This work analyzed the variability of sprinkler irrigation application over a bare soil, both in terms of water application efficiency and uniformity, by integrating and comparing the information on the irrigation depth data (ID), as measured by catch cans, soil water storage in the upper root zone, as measured by TDR probes, and a 3D simulations of water flow in soils. Three irrigation tests were performed at three different pressures (2, 3 and 4 bar). A lateral water redistribution was observed and simulated after each irrigation event by comparing spatial distributions of site-specific water application efficiency (AEs), as well as ratios of site-specific actual water storage increase (SWEs) and irrigation depth (IDs) to the water content before irrigation. Because of soil water redistribution processes, distribution uniformity based on soil storages was systematically higher than the catch can uniformity. The obvious consequence of lateral water redistribution processes was that the soil smoothing action on non-uniformity observed at the surface increased both with depth and over time. At a given depth the uniformity of soil water storages always attained the same value, whatever the pressure considered and the catch can-based uniformity coefficient. It was concluded that, for the case of random distribution of ID, the uniformity of water storages is driven by the soil behavior rather than by the irrigation system.
The Linearly Scaling 3D Fragment Method for Large Scale Electronic Structure Calculations
Zhao, Zhengji; Meza, Juan; Lee, Byounghak; Shan, Hongzhang; Strohmaier, Erich; Bailey, David; Wang, Lin-Wang
2009-06-26
The Linearly Scaling three-dimensional fragment (LS3DF) method is an O(N) ab initio electronic structure method for large-scale nano material simulations. It is a divide-and-conquer approach with a novel patching scheme that effectively cancels out the artificial boundary effects, which exist in all divide-and-conquer schemes. This method has made ab initio simulations of thousand-atom nanosystems feasible in a couple of hours, while retaining essentially the same accuracy as the direct calculation methods. The LS3DF method won the 2008 ACM Gordon Bell Prize for algorithm innovation. Our code has reached 442 Tflop/s running on 147,456 processors on the Cray XT5 (Jaguar) at OLCF, and has been run on 163,840 processors on the Blue Gene/P (Intrepid) at ALCF, and has been applied to a system containing 36,000 atoms. In this paper, we will present the recent parallel performance results of this code, and will apply the method to asymmetric CdSe/CdS core/shell nanorods, which have potential applications in electronic devices and solar cells.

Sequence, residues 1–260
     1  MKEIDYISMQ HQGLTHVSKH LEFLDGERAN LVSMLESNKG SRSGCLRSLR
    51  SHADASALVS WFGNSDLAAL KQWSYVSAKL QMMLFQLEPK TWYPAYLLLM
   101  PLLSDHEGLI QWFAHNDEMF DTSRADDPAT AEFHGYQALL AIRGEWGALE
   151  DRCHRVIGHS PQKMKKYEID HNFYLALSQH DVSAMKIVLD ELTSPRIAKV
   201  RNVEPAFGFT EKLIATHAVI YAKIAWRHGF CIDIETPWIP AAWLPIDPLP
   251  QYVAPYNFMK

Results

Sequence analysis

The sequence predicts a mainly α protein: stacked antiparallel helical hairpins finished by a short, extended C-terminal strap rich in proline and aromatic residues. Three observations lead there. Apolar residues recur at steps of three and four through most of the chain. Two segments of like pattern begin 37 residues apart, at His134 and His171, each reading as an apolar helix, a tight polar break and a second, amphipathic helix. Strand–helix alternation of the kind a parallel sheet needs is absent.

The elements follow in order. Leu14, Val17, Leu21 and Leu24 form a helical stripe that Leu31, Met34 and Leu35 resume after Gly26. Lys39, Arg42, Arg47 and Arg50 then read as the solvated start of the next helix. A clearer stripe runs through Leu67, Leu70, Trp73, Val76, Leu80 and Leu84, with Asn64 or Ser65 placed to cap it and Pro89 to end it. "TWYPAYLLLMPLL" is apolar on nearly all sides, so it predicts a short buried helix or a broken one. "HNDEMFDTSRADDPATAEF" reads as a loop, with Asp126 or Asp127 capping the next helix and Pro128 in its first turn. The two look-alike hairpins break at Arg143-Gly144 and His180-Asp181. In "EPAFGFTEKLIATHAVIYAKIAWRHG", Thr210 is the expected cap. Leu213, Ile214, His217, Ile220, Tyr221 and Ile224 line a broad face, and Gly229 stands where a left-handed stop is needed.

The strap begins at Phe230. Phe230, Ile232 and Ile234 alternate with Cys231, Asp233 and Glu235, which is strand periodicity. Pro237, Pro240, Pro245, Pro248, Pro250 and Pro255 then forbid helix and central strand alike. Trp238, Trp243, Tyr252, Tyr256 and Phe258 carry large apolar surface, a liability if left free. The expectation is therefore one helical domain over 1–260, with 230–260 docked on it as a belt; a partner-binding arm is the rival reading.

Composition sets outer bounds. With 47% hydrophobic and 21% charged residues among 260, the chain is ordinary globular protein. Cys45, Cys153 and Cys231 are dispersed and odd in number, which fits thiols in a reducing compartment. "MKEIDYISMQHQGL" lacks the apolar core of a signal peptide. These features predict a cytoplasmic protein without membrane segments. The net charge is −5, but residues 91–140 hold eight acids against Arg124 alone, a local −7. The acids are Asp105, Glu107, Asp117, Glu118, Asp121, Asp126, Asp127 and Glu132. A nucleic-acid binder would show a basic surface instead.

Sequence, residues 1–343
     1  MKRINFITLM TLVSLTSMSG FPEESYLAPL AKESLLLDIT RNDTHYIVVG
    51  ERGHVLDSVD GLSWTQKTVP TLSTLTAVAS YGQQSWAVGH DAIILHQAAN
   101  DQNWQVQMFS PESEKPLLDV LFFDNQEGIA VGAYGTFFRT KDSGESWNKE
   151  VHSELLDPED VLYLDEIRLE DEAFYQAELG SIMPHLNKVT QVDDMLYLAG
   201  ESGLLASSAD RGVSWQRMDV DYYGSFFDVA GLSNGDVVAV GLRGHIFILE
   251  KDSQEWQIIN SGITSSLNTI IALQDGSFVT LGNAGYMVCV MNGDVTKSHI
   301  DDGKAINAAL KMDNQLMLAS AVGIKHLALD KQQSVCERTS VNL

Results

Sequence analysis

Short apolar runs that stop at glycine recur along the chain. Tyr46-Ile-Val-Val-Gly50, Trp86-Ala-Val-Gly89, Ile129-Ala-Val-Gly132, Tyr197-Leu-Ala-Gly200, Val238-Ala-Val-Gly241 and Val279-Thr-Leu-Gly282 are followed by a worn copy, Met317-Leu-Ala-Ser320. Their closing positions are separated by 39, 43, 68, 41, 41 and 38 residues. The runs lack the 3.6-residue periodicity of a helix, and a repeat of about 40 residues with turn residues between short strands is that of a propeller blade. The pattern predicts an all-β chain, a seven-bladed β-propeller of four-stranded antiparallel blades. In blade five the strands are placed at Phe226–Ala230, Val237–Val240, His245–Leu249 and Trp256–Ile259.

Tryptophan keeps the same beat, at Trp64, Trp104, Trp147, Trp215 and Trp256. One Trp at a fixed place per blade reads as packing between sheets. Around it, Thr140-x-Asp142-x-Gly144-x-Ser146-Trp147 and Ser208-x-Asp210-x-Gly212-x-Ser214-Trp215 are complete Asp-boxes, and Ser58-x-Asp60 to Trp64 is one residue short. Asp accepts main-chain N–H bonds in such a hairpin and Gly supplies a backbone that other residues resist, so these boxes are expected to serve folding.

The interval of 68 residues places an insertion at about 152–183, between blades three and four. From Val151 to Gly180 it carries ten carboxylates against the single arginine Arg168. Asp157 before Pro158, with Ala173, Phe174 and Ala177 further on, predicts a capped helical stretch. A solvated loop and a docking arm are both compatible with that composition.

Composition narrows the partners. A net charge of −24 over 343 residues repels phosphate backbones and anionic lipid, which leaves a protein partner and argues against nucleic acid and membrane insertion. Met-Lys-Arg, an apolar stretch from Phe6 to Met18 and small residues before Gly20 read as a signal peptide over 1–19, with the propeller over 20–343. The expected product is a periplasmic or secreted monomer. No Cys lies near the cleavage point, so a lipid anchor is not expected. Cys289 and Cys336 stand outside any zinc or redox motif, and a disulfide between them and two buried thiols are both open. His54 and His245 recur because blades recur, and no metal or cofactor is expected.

The linearly scaling 3D fragment method for large scale electronic structure calculations
Zhao, Zhengji; Meza, Juan; Lee, Byounghak; Shan, Hongzhang; Strohmaier, Erich; Bailey, David; Wang, Lin-Wang
2009-07-28
The Linearly Scaling three-dimensional fragment (LS3DF) method is an O(N) ab initio electronic structure method for large-scale nano material simulations. It is a divide-and-conquer approach with a novel patching scheme that effectively cancels out the artificial boundary effects, which exist in all divide-and-conquer schemes. This method has made ab initio simulations of thousand-atom nanosystems feasible in a couple of hours, while retaining essentially the same accuracy as the direct calculation methods. The LS3DF method won the 2008 ACM Gordon Bell Prize for algorithm innovation. Our code has reached 442 Tflop/s running on 147,456 processors on the Cray XT5 (Jaguar) at OLCF, and has been run on 163,840 processors on the Blue Gene/P (Intrepid) at ALCF, and has been applied to a system containing 36,000 atoms. In this paper, we will present the recent parallel performance results of this code, and will apply the method to asymmetric CdSe/CdS core/shell nanorods, which have potential applications in electronic devices and solar cells.
The linearly scaling 3D fragment method for large scale electronic structure calculations
NASA Astrophysics Data System (ADS)
Zhao, Zhengji; Meza, Juan; Lee, Byounghak; Shan, Hongzhang; Strohmaier, Erich; Bailey, David; Wang, Lin-Wang
2009-07-01
The linearly scaling three-dimensional fragment (LS3DF) method is an O(N) ab initio electronic structure method for large-scale nano material simulations. It is a divide-and-conquer approach with a novel patching scheme that effectively cancels out the artificial boundary effects, which exist in all divide-and-conquer schemes. This method has made ab initio simulations of thousand-atom nanosystems feasible in a couple of hours, while retaining essentially the same accuracy as the direct calculation methods. The LS3DF method won the 2008 ACM Gordon Bell Prize for algorithm innovation. Our code has reached 442 Tflop/s running on 147,456 processors on the Cray XT5 (Jaguar) at OLCF, and has been run on 163,840 processors on the Blue Gene/P (Intrepid) at ALCF, and has been applied to a system containing 36,000 atoms. In this paper, we will present the recent parallel performance results of this code, and will apply the method to asymmetric CdSe/CdS core/shell nanorods, which have potential applications in electronic devices and solar cells.
The Calculation of the Band Structure in 3D Phononic Crystal with Hexagonal Lattice
NASA Astrophysics Data System (ADS)
Aryadoust, Mahrokh; Salehi, H.
2015-12-01